An emergency 13.8kV loop feeder is provided between the client's two 2000kW transformers in the event one of the primary feeders between the EG set switchgear and client's respective transformer is lost. This loop feeder can be quickly connected between the transformer with the healthy feeder and the other transformer after the dead feeder is disconnected. Both transformers contain loop-feed bushings on the primary with the emergency feeder "parked" in each transformer primary section. The use of this emergency loop feeder allows connection of the client's entire load to the two EG sets in the event of total loss of utility power. When the generators are paralleled, procedures allow for synchronization and equal load sharing of the client's load.

While these abnormal conditions may be very unlikely, the criticality of the data site's load and the utility's need for generated power during peak loads easily justifies the added expenses of providing for parallel operation of the generators.

Electrical design parameters

Several important considerations impacted the electrical design of the peaking/emergency electrical system.

Load factors. The facility was able to shed data processing load down to a required continuous operation limit of 2000kW. As such, 2000kW was the lowest module of power requiring continuous service to the data site. This estimated demand lead to the selection of two 1825kW prime (2000kW standby) rated EGs.

On-site power generation. During discussions with the local utility at the initial design stages, a dispersed generation program (on-site power) was identified. This program provides for the utility company to construct, own, and operate prime rated EG capacity located on a client's property for the dual purpose of providing standby emergency power to the client as well as prime peaking power to the utility. This program is part of an overall demand side management objective of the local utility and one that is carried out with concurrence of the State Utility Commission. A fixed dollar per prime kW is invested by the utility with the remaining costs contributed by the utility's customer. All operational and maintenance costs of the EG sets, including fuel, are borne by the local utility, which has ownership rights to the equipment. The customer has purchase rights after an agreed-upon time, normally 20 to 25 years.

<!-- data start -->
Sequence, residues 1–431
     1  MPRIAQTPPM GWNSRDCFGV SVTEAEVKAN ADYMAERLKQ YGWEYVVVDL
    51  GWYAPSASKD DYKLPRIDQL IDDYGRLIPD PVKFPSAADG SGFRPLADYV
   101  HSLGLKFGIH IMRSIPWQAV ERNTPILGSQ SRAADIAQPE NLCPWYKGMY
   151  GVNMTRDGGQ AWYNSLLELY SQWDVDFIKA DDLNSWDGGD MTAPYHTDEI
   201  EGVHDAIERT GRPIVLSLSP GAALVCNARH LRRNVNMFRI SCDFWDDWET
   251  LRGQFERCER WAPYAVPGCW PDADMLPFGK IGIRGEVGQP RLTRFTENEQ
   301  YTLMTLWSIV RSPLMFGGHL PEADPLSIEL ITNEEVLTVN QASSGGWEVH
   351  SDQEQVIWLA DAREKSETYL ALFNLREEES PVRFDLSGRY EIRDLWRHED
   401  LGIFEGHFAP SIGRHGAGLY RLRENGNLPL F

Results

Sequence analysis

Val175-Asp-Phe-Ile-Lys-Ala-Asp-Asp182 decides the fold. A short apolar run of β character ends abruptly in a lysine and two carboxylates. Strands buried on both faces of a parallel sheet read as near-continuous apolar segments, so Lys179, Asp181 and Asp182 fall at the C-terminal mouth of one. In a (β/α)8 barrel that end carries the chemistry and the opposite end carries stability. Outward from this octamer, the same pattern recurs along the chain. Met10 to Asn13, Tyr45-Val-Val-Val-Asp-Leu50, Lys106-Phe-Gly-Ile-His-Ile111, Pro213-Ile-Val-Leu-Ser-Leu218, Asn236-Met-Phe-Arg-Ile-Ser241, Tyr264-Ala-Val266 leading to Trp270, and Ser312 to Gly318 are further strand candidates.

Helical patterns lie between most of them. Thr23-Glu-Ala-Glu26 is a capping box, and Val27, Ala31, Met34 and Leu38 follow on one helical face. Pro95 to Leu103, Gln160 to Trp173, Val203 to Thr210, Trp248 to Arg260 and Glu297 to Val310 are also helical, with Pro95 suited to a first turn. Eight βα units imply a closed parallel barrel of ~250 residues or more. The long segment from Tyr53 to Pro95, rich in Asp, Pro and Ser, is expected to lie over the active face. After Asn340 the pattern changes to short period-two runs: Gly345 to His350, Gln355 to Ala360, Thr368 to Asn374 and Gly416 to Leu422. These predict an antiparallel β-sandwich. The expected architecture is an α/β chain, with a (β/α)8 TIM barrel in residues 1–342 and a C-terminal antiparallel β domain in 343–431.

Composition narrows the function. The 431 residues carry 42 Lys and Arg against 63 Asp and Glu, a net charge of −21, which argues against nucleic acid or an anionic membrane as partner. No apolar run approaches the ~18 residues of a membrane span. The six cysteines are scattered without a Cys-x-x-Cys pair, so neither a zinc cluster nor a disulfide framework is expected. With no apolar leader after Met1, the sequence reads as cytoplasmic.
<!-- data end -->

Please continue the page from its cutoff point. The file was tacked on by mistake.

System voltage. The serving utility had a standing agreement with a local dealer of EG sets for complete system construction, assembly, and delivery to site of such units. The dealer had successful experience with these installations.

The original intent was to order the generators with 13.8kV output to match the incoming primary feeder voltage for parallel operation. The EG manufacturer, however, didn't offer a 13.8kV set. Because they were available and could be promptly delivered, and because the sets had proven reliability, two 2596-hp turbo-charged diesels were specified through the utility, each connected to a 480V generator. This selection required that the generator output voltage be stepped up to 13.8kV for direct parallel connection to the utility grid. Thus, two 2000kVA step-up transformers were needed to bring the 480V generator power up to the 13.8kV level:These mineral oil-filled pad-mounted transformers were installed simultaneously with the 15kV switchgear. Each transformer is connected in series with it's respective generator set and power breaker in the switchgear.